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All comments by Randy Thompson
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So much for watching WBF events. Too bad they'll go from thousands of viewers to dozens.
Aug. 2, 2014
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With no fit, pretty clear that it's best to go low here. Playing K-S, where 2 is forcing and 2 by partner is almost-automatic, you could then show this shape and reverse strength by rebidding 2 over 2. This hand is just barely worth that treatment, but in K-S you could also show 15-17 with a 1N rebid (probably my choice here). That structure causes its own problems on other hands, but it helps on hands like this one, where a non-forcing 2 rebid that might have the same shape and 11 HCP could cost us a game bonus.
July 31, 2014
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Don't worry about them making 2 whether doubled or redoubled. If they can make 8+ tricks playing in a suit that splits like this? They have at LEAST a game their way. If their methods over double relate to suitability for playing in OUR suit, so that playing redoubled diamond contracts is possible? I want to get in there as often as possible, as these folks aren't capable of taking advantage of the extra bidding room that a double gives them except on the 1% of hands where playing diamond contracts is right their way.
July 30, 2014
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Indeed. Vs weak no trumps, our doubles of Stayman and Jacoby show cards (usually 15+ HCP).
July 30, 2014
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(IMO) all this hair-splitting and diction-based analysis just misses the bridge point – does the pass say “let's play 1Dxx or does it say ”You pick our strain.“ Pretty clear that it said ”you pick.“ I think the explanation should be very simple – ”she was NOT suggesting playing 1Dxx; she was asking me to bid my longest/best suit." Period. Next board. Whatever hand she has for choosing to throw the decision back to the doubler has NOTHING to do with absolute length in any major; she is just saying the doubler is better placed than she to make that choice. Might be 6-6 in the majors, with every intent of pulling 2 to 2/3/4. Might be 1-1-1 in the unbids and wishing the pass showed a desire to play diamonds (with the intent to pull to 2). Phrasing it in terms of absolute major suit length was unfortunate, but (IMO) not worthy of a procedural penalty.

Easy to say all this now with time to reflect. Harder at the table and nary a soul has pointed out that (I think) English is NOT Irina's first language (although I know from playing against her a few times that her English is excellent). Defending this ruling is amazing – despite the highest character and qualifications of the members of the committee, all of whom I respect, and at least one of whom I can call a friend (which is more than I can say about any affected participant). Good, qualified people don't always get it right. The dissenting opinion was right on target (IMO).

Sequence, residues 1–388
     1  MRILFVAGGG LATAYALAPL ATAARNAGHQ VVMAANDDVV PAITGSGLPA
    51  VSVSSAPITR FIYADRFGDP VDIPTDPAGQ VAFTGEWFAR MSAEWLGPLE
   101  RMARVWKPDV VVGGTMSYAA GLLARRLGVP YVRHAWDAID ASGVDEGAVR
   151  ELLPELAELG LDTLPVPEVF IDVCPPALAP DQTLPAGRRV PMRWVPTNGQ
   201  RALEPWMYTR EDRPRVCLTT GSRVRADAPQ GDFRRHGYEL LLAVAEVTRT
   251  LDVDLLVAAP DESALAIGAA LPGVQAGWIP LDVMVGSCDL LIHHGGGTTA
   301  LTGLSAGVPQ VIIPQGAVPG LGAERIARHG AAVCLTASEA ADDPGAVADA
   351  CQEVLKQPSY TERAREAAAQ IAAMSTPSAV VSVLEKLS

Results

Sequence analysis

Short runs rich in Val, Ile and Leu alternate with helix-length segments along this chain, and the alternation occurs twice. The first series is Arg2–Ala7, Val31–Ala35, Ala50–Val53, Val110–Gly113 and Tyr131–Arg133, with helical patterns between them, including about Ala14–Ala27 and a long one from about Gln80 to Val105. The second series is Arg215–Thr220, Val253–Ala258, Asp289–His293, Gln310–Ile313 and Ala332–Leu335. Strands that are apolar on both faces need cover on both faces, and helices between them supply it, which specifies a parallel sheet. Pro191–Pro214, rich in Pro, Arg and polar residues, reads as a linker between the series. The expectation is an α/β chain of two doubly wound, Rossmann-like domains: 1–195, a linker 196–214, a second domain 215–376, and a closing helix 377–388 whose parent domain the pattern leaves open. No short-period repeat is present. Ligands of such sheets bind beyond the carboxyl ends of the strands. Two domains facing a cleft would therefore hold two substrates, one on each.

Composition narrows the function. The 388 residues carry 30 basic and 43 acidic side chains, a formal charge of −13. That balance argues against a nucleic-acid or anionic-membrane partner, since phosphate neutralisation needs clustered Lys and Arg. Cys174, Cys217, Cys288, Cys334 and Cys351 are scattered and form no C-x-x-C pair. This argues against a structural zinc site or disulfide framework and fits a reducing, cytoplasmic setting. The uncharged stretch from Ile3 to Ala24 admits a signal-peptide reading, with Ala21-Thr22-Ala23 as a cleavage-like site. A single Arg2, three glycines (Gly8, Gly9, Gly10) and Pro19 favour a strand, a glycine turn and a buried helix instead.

July 29, 2014
Randy Thompson edited this comment July 29, 2014
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This ruling sends an unfortunate message: “Volunteer NOTHING unless asked.”

In this situation, the world divides into those whose pass says they want to play 1XX and those whose pass says they want doubler to pick the runout suit. The opponents are entitled to know which approach this partnership takes – if they ask. They aren't entitled to anything else. The wording of a volunteered explanation that wasn't even required and that actually DID reflect partnership experience shouldn't be the stuff of penalties that decide an event.
July 28, 2014
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After reading the write-up in the Bulletin, I'd have to say that this well-intentioned committee of good people and excellent bridge players erred. This “win” will now forever have an asterisk (meaning “not really”). Congrats to the Baker team for winning the event and to the Wang team for winning the appeal.
July 27, 2014
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4N isn't Blackwood, that much is for sure. Don't think we can ever make an intelligent decision about a grand – each of us has made a non-forcing bid in NT at this point and neither will view ANY bid as a try for a grand. Better be prepared to play in your next bid and for me that's gotta be 6N.
July 24, 2014
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If partner made a passable 4N, of COURSE we give on grands! Aces? Only been playing a little over 40 years and so far no 6N off two aces –but some day it will surely happen, and we'll pay up with a bad board and not worry about it for 40 more years.

When accepting, if we might prefer a suit slam to 6N, we bid 4-card suits (cheapest decent suit) at 5 level and 5-card suits at the 6 level. Mostly our 4-card suit suggestions would be minors, as pard eschewed Stayman and seeking out 4-3 fits for slam isn't part of my approach. 5-card suits could be any suit. We also play 5N as non-forcing back-atcha invite– 4-3-3-3 max that if opposite another 4-3-3-3 hand could easily not be enough. I suppose this stuff is less useful at matchpoints.
July 23, 2014
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I would open 1 playing any system (and would actually have my bid in my Precision partnership). In my non-Precision partnerships, an opening bid is “expected” to have 12 HCP, 2+Quick Tricks and no more than 7 Losing tricks. 13 HCP forgives all other flaws and you have to bid something. Otherwise you can't flunk more than one requirement. This hand has all the defense expected of an opener, with two aces. Its 6 Losing Tricks has “extras” for offense (if partner has a fit for one of our suits). If partner insists on his own suit, then at least we have two tricks for him. The only problem could be if partner insists on 3N with a misfit. With even a partial fit for one of my suits, it could be a source of tricks and the side ace an entry to them. I must say that being vulnerable at match points could be a reason to pass this hand, but with low ranking suits, will you ever get to show them later and can pard ever read you for this much offense or defense? There's more than one way to get a bad board and passing this hand could wind up being one of them.
July 16, 2014
Randy Thompson edited this comment July 16, 2014